Other research suggests that the accuracy of rapid tests improves a few days into an infection. A large study released as a preprint paper last year showed that rapid tests were only 60 percent accurate on the first day of a person’s infection if they had symptoms. If the person was asymptomatic, the accuracy dropped to just 12 percent. However, doing a second test 48 hours later improved rapid test accuracy to 92 percent for people with symptoms and 51 percent for asymptomatic infections. A third test after another 48 hours improved accuracy to 75 percent for people without symptoms.
Because of this, the FDA now recommends so-called serial testing: If you think you’ve been infected with the coronavirus but test negative, test again in 48 hours, after the virus has had more time to replicate. If you’re still negative, take one more test in another two days. (Unfortunately, for the sake of accuracy, this will mean spending more money on tests.) The FDA made this announcement in November 2022, and manufacturers are required to change rapid test packaging to reflect the new guidelines.
“A negative does not necessarily rule you out of having the disease, and that’s why multiple tests are recommended,” said Nathaniel Hafer, an assistant professor of molecular medicine at the University of Massachusetts Chan Medical School who worked on the repeat-testing study. “If you’re positive, you can feel pretty confident that you’re positive. If you’re negative, that repeat test is really important for increasing the accuracy.”
Another possible explanation for a false negative result is user error. To make sure you’re testing correctly, read through the instructions first, even if you think you know what you’re doing.
“A lot of us this far into the pandemic have done tests multiple times, and it’s easy to be like, ‘Yeah, yeah, I know what to do,’” Dr. Hafer said. “Pulling out those instructions and really making sure you go through it step by step is the best thing to do because each test is a little bit different.” For example, tests may differ in terms of how long you need to swab each nostril, how far up your nose you should go, how many drops to use on the test strip and how long you need to wait for a result.
Another tip is to blow your nose beforehand. Tests for Covid-19 detect the virus in the cells that line the inside of your nose, not in your mucus, so you don’t want your snot getting in the way of the sample. Also, make sure you’re going far enough up inside your nose.
“The most important thing you can do to Boost the accuracy of the tests is get a good sample,” Dr. Campbell said. “If you’re swabbing up there where it burns just a little bit, that tells you you’re doing it right.”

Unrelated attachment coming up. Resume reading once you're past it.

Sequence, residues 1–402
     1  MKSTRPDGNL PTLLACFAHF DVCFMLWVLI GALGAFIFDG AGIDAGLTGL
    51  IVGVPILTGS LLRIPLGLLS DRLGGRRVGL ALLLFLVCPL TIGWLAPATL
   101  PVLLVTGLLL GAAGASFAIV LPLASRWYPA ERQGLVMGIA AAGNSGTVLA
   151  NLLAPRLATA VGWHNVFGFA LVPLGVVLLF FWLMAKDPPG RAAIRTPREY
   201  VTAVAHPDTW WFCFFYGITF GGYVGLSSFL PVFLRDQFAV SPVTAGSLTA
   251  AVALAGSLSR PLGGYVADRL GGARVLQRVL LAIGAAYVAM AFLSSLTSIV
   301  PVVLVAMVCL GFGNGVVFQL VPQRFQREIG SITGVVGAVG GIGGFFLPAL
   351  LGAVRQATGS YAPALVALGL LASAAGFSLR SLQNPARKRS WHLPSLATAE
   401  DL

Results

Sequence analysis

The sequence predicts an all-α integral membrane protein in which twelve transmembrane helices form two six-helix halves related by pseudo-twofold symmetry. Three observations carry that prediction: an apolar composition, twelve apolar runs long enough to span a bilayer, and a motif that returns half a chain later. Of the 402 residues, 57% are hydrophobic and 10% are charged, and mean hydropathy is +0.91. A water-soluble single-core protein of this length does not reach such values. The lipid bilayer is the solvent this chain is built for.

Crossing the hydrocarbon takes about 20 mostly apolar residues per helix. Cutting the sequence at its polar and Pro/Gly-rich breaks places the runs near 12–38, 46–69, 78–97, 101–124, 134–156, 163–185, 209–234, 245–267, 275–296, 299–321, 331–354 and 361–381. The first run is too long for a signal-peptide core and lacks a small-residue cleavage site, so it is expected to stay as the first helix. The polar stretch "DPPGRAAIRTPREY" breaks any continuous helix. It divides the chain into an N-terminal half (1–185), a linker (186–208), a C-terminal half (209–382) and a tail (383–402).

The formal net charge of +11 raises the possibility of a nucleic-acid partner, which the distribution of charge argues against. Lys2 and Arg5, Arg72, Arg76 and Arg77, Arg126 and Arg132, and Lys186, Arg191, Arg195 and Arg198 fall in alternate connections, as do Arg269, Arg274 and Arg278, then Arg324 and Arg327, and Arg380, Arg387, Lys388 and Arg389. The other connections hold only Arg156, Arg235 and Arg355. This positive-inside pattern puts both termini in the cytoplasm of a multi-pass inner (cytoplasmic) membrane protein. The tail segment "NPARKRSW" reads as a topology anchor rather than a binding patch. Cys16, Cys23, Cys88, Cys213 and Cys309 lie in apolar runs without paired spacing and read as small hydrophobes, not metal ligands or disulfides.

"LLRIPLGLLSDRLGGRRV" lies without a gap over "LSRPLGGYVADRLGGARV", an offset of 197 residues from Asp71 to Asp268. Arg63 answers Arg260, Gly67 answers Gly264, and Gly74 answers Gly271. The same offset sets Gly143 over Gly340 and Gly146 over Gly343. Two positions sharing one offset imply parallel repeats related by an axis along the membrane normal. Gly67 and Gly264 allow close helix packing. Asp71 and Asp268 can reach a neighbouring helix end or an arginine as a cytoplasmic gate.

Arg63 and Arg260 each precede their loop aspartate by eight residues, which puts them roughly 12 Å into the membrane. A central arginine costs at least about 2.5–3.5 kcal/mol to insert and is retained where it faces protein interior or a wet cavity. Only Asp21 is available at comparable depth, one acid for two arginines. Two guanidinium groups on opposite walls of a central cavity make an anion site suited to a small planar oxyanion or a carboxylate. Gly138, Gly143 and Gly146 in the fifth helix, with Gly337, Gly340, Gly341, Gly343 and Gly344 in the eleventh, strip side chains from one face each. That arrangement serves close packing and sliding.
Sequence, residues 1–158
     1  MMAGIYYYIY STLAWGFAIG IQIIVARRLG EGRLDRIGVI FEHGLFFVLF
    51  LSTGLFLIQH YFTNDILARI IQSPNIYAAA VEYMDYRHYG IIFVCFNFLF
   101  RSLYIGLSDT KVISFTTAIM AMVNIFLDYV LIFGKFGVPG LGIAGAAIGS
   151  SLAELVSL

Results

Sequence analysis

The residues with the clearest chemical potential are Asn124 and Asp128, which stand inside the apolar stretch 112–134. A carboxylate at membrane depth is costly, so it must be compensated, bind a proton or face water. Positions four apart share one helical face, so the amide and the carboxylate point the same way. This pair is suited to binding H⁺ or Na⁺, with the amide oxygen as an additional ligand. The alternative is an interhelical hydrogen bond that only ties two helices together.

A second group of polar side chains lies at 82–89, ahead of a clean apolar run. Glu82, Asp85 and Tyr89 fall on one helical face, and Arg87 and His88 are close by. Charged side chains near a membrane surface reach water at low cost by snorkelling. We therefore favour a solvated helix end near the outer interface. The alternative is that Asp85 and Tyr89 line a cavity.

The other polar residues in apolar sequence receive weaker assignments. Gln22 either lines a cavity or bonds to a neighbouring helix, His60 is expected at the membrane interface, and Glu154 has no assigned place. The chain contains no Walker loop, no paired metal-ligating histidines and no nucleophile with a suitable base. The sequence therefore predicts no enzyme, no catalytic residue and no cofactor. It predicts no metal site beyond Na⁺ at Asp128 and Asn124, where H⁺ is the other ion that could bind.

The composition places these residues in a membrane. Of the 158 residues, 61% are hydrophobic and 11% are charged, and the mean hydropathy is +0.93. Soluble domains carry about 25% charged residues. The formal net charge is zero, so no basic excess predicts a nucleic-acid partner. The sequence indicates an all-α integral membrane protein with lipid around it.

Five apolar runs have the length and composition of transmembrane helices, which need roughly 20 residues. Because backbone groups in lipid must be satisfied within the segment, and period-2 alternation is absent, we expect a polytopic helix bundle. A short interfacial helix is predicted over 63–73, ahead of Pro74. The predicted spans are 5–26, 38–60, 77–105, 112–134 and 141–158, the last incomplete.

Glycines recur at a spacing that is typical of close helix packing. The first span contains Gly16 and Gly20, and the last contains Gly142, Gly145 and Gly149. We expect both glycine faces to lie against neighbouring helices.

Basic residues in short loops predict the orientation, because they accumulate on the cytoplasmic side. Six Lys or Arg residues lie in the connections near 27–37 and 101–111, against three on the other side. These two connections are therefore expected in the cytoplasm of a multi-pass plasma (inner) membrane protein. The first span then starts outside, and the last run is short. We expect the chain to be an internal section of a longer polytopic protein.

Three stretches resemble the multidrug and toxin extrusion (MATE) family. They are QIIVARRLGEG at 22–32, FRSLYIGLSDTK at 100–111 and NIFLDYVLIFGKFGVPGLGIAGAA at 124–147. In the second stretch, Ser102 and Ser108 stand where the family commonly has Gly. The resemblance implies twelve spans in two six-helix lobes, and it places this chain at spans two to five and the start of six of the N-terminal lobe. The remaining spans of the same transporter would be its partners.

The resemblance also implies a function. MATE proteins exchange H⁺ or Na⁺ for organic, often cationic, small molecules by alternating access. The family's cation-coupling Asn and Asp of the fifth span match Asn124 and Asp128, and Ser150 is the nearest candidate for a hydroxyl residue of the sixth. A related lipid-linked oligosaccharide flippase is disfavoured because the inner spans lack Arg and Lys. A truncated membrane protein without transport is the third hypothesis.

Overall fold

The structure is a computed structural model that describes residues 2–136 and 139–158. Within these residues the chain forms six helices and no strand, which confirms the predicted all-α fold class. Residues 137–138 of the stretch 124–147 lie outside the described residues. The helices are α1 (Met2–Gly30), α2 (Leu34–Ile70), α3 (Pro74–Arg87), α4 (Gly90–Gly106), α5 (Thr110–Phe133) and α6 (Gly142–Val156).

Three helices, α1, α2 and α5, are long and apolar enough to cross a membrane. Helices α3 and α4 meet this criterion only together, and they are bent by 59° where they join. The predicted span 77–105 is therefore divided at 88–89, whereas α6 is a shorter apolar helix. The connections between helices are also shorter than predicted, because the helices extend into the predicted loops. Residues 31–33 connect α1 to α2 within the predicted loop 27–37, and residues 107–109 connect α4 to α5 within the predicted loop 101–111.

For the most part, though, people seem to be pretty good at self-testing. One of the few studies that compared test accuracy between health care professionals and people swabbing themselves found no difference in rapid test results. Another study found that children as young as four were able to swab themselves proficiently, with test results matching a health care worker’s swabs 98 percent of the time.
Accuracy doesn’t appear to be changing with each new variant. Several studies have found that rapid tests performed just as well on the first Omicron variant as they did on earlier strains of the virus. And although there isn’t data yet, the experts say there’s no reason to think that more exact subvariants like BA.5 and XBB.1.5 are any different. That’s because most of the mutations occur in the spike protein, which the virus uses to enter and infect a cell. Rapid tests detect a different kind of protein, called a nucleoprotein, that has undergone many fewer changes.
“Because the tests are designed to detect nucleoprotein, and because nucleoprotein hasn’t been mutating, we can be pretty confident that the tests are going to still be able to perform as well as they have in the past,” Dr. Hafer said.
If you think you have Covid-19 but test negative, Dr. Hafer recommended waiting 48 hours and testing again. However, if you are over the age of 50 or have a pre-existing condition, Dr. Drain advised getting a PCR test as soon as possible so you can begin taking the antiviral drug Paxlovid if you are positive. Paxlovid can reduce the risk of severe illness, but the medication needs to be started within the first five days of an infection. “The earlier one starts Paxlovid, the more beneficial it would be,” Dr. Drain said.
If you feel awful but you’ve tested negative on three rapid tests in five days (or if you have a negative PCR test), you could be infected with another virus, like influenza or R.S.V. Regardless of what’s making you sick, it’s important that you stay home until you feel better so that you don’t infect other people.
The Navy says it will forgive past fitness test failures for its sailors as part of a broader effort to step up recruitment and retention efforts. The move is one of several tweaks to the service's physical fitness rules that leaders hope will help it keep enough sailors in uniform.